A Neuroengineering Lens into Treatment of Youth Mental Health and Addiction
With Dr. Faranak Farzan
It is estimated that one in every five North American youths is affected by a mental illness. Surpassed only by injuries, mental illness in youth are ranked as the second highest hospital care expenditure in Canada. Unfortunately, current treatments are not as effective or cause side effects in a large minority, particularly in youth. Furthermore, across all age groups, treatment prescription is too often a trial-and-error process leading to years of untreated conditions, such as depression, before an effective therapy is identified. To tackle these challenges, in this talk, Dr. Farzan will describe how her team is combining engineering and neuroscience disciplines to study the human brain as a circuit. She will then review how by doing so, her team has begun developing novel diagnostic and treatment solutions for debilitating mental illnesses such as youth depression and addiction.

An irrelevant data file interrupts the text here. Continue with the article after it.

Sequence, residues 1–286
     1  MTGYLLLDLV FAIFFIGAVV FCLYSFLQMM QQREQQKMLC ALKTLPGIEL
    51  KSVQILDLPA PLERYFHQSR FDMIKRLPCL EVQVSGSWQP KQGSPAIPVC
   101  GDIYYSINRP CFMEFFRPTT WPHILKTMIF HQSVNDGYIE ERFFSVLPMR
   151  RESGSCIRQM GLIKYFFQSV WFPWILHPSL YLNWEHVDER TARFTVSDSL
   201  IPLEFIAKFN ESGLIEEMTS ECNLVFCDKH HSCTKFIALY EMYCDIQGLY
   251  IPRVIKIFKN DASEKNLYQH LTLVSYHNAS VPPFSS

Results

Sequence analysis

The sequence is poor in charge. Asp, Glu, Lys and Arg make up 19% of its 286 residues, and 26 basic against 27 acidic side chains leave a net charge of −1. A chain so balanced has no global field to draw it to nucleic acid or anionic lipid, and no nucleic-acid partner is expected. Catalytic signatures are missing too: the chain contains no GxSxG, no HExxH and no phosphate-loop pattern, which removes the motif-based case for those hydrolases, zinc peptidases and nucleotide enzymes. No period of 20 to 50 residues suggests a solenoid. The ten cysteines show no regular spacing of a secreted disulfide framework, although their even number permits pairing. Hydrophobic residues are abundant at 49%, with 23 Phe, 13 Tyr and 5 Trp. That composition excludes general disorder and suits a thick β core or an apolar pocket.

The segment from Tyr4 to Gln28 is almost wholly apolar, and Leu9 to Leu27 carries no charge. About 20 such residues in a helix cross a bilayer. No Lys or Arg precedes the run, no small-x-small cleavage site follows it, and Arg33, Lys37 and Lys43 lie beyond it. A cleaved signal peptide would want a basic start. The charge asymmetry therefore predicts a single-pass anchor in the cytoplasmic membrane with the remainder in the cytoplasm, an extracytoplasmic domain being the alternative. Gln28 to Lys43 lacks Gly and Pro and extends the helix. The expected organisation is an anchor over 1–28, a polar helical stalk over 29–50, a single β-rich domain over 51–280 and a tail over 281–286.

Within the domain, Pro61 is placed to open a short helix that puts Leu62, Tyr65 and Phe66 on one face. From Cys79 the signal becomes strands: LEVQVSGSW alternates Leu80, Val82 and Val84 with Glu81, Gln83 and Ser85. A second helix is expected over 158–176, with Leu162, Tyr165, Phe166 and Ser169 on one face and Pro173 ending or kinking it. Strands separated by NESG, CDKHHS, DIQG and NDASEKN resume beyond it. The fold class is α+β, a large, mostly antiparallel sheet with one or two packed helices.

Dr. Farzan is the Chair in Technology Innovations for Youth Addiction Recovery and Mental Health at the School of Mechatronic Systems Engineering at SFU. Dr. Farzan is the founder and Scientific Director of Centre for Engineering-Led Brain Research at SFU. She has obtained her Bachelor in Electrical and Biomedical Engineering from McMaster University, her PhD in Biomedical Engineering and Medical Science from University of Toronto, and her Postdoctoral training in Cognitive Neurology from Harvard Medical School. Prior to joining SFU, she was Assistant Professor of Psychiatry at The University of Toronto, and Independent Scientist at the Centre for Addiction and Mental Health. Dr. Farzan leads a unique research program at the cross section of Engineering and Neuroscience. The program is aimed at development and practical implementation of neurotechnology and computational approaches for studying human brain health and function, and for diagnosis and treatment of neuropsychiatric disorders. Dr. Farzan has authored over 70 peer-reviewed journal articles, and her work has received funding from prestigious agencies such as CIHR, NSERC, CFI, CIHR, NIMH, NARSAD, Brain Canada, Kids Brain Health Network, and Michael Smith Foundation for Health Research.